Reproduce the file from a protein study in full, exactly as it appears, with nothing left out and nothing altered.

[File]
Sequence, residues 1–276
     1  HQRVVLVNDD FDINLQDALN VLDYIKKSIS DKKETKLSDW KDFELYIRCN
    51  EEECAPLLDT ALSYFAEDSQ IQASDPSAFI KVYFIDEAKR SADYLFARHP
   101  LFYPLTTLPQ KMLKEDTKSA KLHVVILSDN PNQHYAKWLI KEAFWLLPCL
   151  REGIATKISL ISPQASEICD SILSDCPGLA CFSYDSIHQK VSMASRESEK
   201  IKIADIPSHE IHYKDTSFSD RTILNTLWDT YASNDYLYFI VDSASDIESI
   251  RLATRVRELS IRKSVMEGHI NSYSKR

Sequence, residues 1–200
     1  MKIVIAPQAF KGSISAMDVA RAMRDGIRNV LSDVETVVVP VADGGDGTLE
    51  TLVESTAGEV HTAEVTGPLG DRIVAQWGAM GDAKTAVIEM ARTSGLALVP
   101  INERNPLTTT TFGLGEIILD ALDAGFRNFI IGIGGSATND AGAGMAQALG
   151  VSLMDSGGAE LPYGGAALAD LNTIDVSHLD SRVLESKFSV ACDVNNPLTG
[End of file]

Sequence, residues 1–276
     1  HQRVVLVNDD FDINLQDALN VLDYIKKSIS DKKETKLSDW KDFELYIRCN
    51  EEECAPLLDT ALSYFAEDSQ IQASDPSAFI KVYFIDEAKR SADYLFARHP
   101  LFYPLTTLPQ KMLKEDTKSA KLHVVILSDN PNQHYAKWLI KEAFWLLPCL
   151  REGIATKISL ISPQASEICD SILSDCPGLA CFSYDSIHQK VSMASRESEK
   201  IKIADIPSHE IHYKDTSFSD RTILNTLWDT YASNDYLYFI VDSASDIESI
   251  RLATRVRELS IRKSVMEGHI NSYSKR

Sequence, residues 1–200
     1  MKIVIAPQAF KGSISAMDVA RAMRDGIRNV LSDVETVVVP VADGGDGTLE
    51  TLVESTAGEV HTAEVTGPLG DRIVAQWGAM GDAKTAVIEM ARTSGLALVP
   101  INERNPLTTT TFGLGEIILD ALDAGFRNFI IGIGGSATND AGAGMAQALG
   151  VSLMDSGGAE LPYGGAALAD LNTIDVSHLD SRVLESKFSV ACDVNNPLTG